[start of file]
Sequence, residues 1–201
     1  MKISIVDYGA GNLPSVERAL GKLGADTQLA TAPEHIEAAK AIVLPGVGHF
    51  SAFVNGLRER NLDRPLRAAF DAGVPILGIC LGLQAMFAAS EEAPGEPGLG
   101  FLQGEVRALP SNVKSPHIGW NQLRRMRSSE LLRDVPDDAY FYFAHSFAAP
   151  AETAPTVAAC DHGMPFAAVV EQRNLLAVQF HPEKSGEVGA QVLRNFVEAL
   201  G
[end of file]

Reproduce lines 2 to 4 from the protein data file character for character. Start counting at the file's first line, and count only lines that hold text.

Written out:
     1  MKISIVDYGA GNLPSVERAL GKLGADTQLA TAPEHIEAAK AIVLPGVGHF
    51  SAFVNGLRER NLDRPLRAAF DAGVPILGIC LGLQAMFAAS EEAPGEPGLG
   101  FLQGEVRALP SNVKSPHIGW NQLRRMRSSE LLRDVPDDAY FYFAHSFAAP